It's always a good feeling to know that man hasn't managed to kill off all of the species that were, until now, undiscovered! Could be that their diminutive size is God's way of protecting them.
Tiny reptile fits on fingertips!
Perhaps the only thing more remarkable than a chameleon small enough to comfortably fit on a computer key is that researchers were even able to spot the tiny thing, and at night no less.
But they did, and now we not only have the world's smallest chameleon, but also a possible play date for the world's tiniest frog.
The miniature reptile officially goes by the name Brookesia micra and adult males max out at about half-an-inch in length. So look down at your hand. That means there's room for an extended family nearly 20 of these chameleons between your wrist and knuckles. That's crazy!
The reptiles are among four new species of chameleons discovered by researchers on an island off of Madagascar. They published their findings online this week in the journal Plos One.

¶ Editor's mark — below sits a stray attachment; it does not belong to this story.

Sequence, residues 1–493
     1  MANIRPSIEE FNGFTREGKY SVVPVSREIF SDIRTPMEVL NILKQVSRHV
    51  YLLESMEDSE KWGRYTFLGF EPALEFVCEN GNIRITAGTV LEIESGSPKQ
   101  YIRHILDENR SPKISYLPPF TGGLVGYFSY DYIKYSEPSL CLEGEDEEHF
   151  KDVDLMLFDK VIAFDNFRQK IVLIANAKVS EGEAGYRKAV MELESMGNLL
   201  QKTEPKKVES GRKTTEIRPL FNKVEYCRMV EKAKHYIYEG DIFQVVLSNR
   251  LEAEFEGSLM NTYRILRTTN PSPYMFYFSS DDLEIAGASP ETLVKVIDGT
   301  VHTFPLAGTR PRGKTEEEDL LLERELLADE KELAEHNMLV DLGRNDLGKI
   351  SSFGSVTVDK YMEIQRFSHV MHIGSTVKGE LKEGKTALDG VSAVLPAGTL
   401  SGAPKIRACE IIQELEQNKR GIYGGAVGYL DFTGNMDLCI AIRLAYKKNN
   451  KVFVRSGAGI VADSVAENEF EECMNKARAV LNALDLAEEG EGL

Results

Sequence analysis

Andrea Mustain of OurAmazingPlanet reports the team set out at night with head lamps and flashlights to locate the miniature creatures and, presumably, were exceedingly careful about where they stepped.
The German-led expedition found the Brookesia micra sleeping in branches just four inches off the ground. Well, "just" four inches to us ... probably a high-rise apartment to them.
Lead researcher Dr. Frank Glaw told the BBC, "They mostly live in the leaf litter in the day ... But at night they climb up and then you can spot them." He also explained that the chameleons may be so small as a result of their isolation, which can lead to island dwarfism. That's an evolutionary process where living things shrink over time to adapt to their very restricted living area.
But even that small, remote habitat is not immune from human development, and scientists believe the very existence of these newly-discovererd species is threatened.
"Its habitat is in truth barely protected," they write. "And subject to numerous human-induced environmental problems resulting in severe habitat destruction, thus threatening the survival of the species."
So think about that, developers off Madagascar: In your race to get ahead and modernize, don't forget about the little people.
Or all the little chameleons.
Once again, we should stand in awe at the wonders our maker has put on this earth. Now if we can manage to curb our selfish desire to capture, kill, or exploit these wonders maybe they can manage to live a while longer in peace and safety. One can only hope!
Coffee in the kitchen this morning. It's chilly out, but maybe some nice, warm peach cobbler will help!